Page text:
6. Check its paperwork
The V5C registration document will tell you how many previous owners the car has had, and if the official address of the private seller matches the one you're standing outside. Check that the car has the same licence plate, colour and engine.
And make sure to check that the V5C looks genuine (there have been a number stolen recently).
The MOT certificate should also be inspected, the mileage matched against the car's odometer (this measures the distance a car has travelled), and the service book scanned for the right stamps.
7. How to pay for it
If you're one of the 3.5 million who buy their second-hand car at a dealer each year, money transfer won't be a problem, but for the two million private buyers it presents a headache.
Cash is easiest, but it's risky and many people are uncomfortable carrying large sums of money around. Bank transfer under the faster payments system is free and can take as little as two hours from you phoning your bank to the money appearing in the seller's account.
But it's not guaranteed. CHAPS is guaranteed to arrive the same day, but it costs upwards of £30 and doesn't work on weekends.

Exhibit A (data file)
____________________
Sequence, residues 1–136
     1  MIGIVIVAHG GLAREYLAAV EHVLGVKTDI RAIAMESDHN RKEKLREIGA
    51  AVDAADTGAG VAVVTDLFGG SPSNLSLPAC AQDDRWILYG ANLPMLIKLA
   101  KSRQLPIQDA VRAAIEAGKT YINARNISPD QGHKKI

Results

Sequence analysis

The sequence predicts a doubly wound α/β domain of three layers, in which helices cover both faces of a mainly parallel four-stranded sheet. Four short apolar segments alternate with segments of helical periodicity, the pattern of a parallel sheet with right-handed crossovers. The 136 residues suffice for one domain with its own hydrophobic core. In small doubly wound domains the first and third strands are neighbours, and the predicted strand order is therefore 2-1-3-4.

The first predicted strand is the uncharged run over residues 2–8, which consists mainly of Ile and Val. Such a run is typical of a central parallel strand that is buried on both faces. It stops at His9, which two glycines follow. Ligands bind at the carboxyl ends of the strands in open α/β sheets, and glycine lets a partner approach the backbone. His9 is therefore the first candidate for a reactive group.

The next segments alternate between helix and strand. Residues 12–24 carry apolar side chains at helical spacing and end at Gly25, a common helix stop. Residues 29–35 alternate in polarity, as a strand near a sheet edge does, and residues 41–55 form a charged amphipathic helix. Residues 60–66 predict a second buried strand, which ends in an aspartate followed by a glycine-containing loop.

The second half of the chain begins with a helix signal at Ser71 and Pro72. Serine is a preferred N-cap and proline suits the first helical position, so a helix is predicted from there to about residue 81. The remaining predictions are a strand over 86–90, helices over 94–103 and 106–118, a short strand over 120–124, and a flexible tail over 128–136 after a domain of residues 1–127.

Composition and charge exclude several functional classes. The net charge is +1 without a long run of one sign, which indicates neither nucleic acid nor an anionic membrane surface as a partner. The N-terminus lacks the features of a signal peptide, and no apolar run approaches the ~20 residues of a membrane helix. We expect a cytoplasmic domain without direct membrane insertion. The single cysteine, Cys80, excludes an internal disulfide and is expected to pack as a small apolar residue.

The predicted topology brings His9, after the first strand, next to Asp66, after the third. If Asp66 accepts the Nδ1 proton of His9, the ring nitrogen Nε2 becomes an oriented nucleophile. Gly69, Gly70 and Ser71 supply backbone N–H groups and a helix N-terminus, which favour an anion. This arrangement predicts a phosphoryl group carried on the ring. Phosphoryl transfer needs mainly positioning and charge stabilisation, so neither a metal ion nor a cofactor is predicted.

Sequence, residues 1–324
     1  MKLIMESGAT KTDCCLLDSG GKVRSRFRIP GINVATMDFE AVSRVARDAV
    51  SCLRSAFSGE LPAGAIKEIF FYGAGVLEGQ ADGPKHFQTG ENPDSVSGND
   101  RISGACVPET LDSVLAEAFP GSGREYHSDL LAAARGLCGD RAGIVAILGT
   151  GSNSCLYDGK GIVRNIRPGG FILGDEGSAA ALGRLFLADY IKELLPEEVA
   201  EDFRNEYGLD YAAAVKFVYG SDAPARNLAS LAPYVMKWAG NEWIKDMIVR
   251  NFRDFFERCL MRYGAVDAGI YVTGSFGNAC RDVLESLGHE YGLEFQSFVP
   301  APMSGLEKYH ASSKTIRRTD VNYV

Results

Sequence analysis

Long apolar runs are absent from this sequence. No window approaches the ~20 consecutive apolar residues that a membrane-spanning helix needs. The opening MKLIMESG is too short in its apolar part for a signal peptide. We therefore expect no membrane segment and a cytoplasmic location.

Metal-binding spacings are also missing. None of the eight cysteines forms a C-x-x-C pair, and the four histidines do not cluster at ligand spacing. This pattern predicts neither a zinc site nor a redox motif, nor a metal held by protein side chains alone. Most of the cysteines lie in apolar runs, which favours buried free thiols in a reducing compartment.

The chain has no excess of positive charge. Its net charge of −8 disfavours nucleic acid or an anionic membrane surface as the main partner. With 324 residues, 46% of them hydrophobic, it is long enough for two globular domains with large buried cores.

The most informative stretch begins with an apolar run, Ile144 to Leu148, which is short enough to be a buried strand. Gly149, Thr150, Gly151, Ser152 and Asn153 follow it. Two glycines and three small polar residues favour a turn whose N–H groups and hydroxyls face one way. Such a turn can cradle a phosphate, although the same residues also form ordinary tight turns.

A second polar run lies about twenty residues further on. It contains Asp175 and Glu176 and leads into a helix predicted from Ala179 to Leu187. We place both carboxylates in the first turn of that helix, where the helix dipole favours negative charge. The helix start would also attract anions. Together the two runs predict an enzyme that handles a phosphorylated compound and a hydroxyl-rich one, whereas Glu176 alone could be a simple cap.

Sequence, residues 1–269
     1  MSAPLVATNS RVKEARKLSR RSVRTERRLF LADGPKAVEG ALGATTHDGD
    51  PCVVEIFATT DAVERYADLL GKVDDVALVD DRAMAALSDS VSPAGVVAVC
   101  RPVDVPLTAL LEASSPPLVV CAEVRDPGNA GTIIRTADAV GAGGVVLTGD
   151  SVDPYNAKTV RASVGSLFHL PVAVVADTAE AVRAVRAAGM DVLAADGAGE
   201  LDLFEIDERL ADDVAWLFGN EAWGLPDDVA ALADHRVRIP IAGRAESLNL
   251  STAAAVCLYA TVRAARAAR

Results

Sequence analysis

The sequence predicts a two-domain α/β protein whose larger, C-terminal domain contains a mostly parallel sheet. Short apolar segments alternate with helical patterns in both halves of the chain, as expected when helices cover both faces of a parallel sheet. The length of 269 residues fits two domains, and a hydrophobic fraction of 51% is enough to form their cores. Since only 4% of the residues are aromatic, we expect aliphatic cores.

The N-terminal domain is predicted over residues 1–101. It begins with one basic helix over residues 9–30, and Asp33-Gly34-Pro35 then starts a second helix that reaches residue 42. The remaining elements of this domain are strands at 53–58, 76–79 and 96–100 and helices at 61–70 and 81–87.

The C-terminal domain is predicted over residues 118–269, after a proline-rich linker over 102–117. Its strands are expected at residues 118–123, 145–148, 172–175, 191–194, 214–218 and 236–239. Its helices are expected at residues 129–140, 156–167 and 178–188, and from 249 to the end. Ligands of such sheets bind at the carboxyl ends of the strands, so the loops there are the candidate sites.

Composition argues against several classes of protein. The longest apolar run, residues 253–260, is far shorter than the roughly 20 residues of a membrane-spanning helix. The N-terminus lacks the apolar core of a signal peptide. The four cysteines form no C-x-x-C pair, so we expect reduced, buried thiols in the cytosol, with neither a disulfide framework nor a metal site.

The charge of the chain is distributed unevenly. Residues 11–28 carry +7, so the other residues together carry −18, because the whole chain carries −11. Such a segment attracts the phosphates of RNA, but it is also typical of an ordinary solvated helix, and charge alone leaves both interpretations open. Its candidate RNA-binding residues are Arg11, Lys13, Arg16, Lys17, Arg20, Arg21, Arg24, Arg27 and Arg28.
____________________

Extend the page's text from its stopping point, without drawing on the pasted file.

A cheque is as good as cash, but some banks need you to order them and they're not conducive to haggling. You also forfeit the £20-odd fee if you choose not to go ahead.
A Chip and PIN transaction at the bank is best. If both your banks allow this, swipe your card to pay the seller instantly.
8. Know your rights
If you buy from a dealer, the car must be of "satisfactory quality". According to the government-backed advice service Consumer Direct, this means it should be "reasonably fit for any normal purpose"– that is, it gets you from A to B. If it's not, you have the right to swap it or get a partial refund.
As a private buyer you're pretty much on your own, so the onus is on you to check the car is roadworthy and not stolen or still being paid for. Dealers registered at the Retail Motor Industry Federation (RMIF) work to the RMIF code – find a list at rmif.co.uk.
Many dealers offer a limited warranty, usually for three months, which offers some peace of mind.
Nick Gibbs is news and features editor for Auto Express magazine
The Clearing House Automated Payment System processes and settles time-dependent payments through its two payment schemes: CHAPS Sterling and Faster Payments. Faster Payments is similar to BACS but boasts much speedier transaction times (hours rather than days). The system processes in excess of £70trn annually.